Promises! Promises! (1963)

“I’ve never seen a woman so determined to have a baby.”

Synopsis:
While on board a cruise ship, a woman (Jayne Mansfield) desperate to have a baby mistakenly believes that her secretly sterile husband (Tommy Noonan) has finally made her pregnant; after a drunken night of revelry with their married cabinmates (Mickey Hargitay and Marie McDonald), Noonan learns that his wife IS pregnant — but not by him!

Genres:

Review:
This infamous Jayne Mansfield vehicle holds a “special” place in cinematic history for its groundbreaking display of Mansfield’s “two best assets” in all their naked glory; unfortunately, the film itself — purportedly a light-hearted sex comedy — is a tedious, unfunny bore. As noted in Stuart Galbraith’s DVD Talk review (see link below), Promises! Promises! is “fascinating as film history and from a pop culture perspective but downright grueling as entertainment”. Surprisingly, Mansfield’s bosom is bared within the first few minutes of the film, leaving nothing for male admirers to wait anxiously for; director King Donovan (this was his only movie — thank goodness!) then flashes the same shots over and over again during “flashbacks”, but the effect is clearly strained.

For what it’s worth, the central premise of the film — Mansfield’s desperate desire to get pregnant, and the mix-up that ensues post-drunken hijinks — makes no sense either logically (Noonan’s character contracted the mumps while in the military, which would lead to sterility, NOT impotence — yet the entire film revolves around a doctor [Fritz Feld] trying to treat Noonan’s psychological insecurity) or scientifically (there is a certain cycle a woman’s body undergoes throughout the month, with only a small window of time available for conception — not that movies ever bother with this insignificant detail when it comes to on-screen pregnancies…). The only mildly amusing — and somewhat astonishing — aspect of the film is the inclusion of drag star T.C. Jones as an obviously gay male hairdresser aboard the cruise ship; he seems to be having fun with it all, particularly during a strange baby shower sequence when he dons a series of wigs and imitates, among others, Jayne Mansfield herself.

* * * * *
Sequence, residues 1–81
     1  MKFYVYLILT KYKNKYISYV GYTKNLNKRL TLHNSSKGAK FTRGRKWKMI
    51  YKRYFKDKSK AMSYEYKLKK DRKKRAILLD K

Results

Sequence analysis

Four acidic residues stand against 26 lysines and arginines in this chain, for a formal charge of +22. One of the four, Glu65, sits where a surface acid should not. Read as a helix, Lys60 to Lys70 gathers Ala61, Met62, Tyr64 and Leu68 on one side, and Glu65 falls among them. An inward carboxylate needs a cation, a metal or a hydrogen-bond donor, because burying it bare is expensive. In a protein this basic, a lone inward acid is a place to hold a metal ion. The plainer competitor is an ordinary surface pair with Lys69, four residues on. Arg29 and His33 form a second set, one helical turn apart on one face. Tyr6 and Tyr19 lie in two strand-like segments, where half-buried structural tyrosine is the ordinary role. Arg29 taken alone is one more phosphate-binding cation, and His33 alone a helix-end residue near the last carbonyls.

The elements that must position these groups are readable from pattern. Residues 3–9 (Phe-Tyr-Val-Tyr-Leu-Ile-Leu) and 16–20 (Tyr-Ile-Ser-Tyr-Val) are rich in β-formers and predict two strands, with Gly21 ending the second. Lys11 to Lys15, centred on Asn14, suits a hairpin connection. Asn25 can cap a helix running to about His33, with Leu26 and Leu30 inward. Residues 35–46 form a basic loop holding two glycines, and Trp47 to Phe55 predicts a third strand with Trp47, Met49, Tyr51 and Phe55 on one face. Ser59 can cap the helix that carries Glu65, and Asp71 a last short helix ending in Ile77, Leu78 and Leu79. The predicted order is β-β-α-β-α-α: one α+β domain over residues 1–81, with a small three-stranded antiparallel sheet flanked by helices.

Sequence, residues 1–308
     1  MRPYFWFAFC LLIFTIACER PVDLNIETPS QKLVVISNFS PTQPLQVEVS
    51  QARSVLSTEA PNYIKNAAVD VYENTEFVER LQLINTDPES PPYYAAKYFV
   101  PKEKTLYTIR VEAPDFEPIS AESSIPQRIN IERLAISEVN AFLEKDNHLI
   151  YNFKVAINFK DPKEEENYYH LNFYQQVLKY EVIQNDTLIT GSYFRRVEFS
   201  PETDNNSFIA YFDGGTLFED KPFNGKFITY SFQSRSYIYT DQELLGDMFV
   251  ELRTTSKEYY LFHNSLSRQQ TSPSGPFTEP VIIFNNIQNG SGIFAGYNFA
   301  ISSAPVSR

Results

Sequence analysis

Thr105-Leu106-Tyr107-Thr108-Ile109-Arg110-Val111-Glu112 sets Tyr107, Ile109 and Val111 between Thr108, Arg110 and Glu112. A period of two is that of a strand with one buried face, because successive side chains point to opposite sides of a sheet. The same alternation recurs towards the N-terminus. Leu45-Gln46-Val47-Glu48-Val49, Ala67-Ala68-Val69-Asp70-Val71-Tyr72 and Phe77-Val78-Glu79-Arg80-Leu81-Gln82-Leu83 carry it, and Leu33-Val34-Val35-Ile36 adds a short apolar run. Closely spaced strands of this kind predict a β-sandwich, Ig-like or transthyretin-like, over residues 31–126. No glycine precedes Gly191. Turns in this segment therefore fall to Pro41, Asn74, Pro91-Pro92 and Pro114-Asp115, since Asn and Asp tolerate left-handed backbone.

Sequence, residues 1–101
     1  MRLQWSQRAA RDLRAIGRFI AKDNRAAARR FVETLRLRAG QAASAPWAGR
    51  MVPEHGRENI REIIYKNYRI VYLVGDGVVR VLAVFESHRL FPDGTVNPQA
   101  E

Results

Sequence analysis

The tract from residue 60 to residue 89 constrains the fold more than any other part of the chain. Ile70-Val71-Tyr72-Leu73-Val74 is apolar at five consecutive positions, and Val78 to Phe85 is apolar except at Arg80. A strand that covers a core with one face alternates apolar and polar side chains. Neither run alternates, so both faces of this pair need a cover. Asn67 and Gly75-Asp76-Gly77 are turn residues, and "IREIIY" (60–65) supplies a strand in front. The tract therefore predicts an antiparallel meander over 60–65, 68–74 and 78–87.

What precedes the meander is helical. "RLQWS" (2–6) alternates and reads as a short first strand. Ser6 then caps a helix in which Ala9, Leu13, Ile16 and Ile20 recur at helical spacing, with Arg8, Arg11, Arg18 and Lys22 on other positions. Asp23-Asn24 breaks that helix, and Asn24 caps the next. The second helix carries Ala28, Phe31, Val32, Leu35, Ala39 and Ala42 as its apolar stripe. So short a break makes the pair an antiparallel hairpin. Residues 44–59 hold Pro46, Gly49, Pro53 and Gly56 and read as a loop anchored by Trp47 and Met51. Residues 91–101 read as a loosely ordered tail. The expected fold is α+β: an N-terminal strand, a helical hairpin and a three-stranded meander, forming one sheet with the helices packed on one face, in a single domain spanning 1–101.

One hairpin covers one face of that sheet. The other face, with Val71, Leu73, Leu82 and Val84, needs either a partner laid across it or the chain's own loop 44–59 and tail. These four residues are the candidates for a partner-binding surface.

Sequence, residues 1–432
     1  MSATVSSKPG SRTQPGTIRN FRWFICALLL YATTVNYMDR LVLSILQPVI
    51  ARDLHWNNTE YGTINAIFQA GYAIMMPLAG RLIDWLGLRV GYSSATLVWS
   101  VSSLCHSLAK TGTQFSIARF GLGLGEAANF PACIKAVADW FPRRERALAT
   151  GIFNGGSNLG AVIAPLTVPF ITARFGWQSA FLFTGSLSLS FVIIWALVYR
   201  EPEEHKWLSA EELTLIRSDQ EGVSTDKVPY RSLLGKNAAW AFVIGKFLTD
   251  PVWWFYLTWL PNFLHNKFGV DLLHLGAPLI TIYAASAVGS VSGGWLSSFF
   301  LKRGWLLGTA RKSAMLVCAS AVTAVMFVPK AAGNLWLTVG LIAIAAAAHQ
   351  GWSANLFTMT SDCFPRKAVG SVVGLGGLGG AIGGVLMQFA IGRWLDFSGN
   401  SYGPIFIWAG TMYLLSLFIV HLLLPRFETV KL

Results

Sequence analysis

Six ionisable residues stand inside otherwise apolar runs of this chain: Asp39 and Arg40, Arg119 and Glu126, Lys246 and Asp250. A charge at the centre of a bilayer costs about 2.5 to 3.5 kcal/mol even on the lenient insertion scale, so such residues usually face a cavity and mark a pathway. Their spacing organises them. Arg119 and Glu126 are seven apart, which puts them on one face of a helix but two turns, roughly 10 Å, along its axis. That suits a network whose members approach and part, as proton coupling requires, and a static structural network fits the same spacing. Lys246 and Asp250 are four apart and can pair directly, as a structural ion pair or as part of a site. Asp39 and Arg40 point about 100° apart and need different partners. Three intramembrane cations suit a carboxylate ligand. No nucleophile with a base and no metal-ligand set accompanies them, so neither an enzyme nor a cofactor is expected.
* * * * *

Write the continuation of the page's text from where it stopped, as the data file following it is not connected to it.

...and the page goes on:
Redeeming Qualities and Moments:

  • T.C. Jones as “Babette”, the ship’s indubitably gay hairdresser
    Promises Babette

Must See?
No, but it’s worth a look simply for its historical notoriety.

Links:

One Response to “Promises! Promises! (1963)”

  1. Not a must – though not as bad as its notorious reputation.

    ‘P!P!’ makes the best of a low budget; is nicely photographed in b&w by dependable Joseph Biroc; has director King Donovan doing his darnedest to keep everything bouncing along; has something of a frothy sitcom score; it even has a supporting cast (including, most refreshingly, a walk-on by Imogene Coca) giving something resembling its all.

    It also has rather tepid performances by Mansfield (trying hard to remember what she learned from Frank Tashlin, and managing one actual moment of acting) and Hargitay (actually, though microscopically, better than Mansfield).

    And it, unfortunately, has the overall feeling of a slowly deflating balloon.

    Co-writer (and co-star) Noonan attempts a kind of Noel Coward romp – minus wit. (As noted, T.C. Jones does banter a bit with what seems improvised – i.e., as Mansfield and McDonald enter his salon: “You’re just in time – you’re both a mess!” And he does a fairly good Tallulah Bankhead. Still, this is not endorsement.)

    ‘P!P!’ is, of course, most (in)famous for showing so much of Mansfield. What that basically amounts to is repetition of the same shot of JM standing in a doorway, the same shot of her lying in bed – and, oh, I almost forgot…we see her butt.

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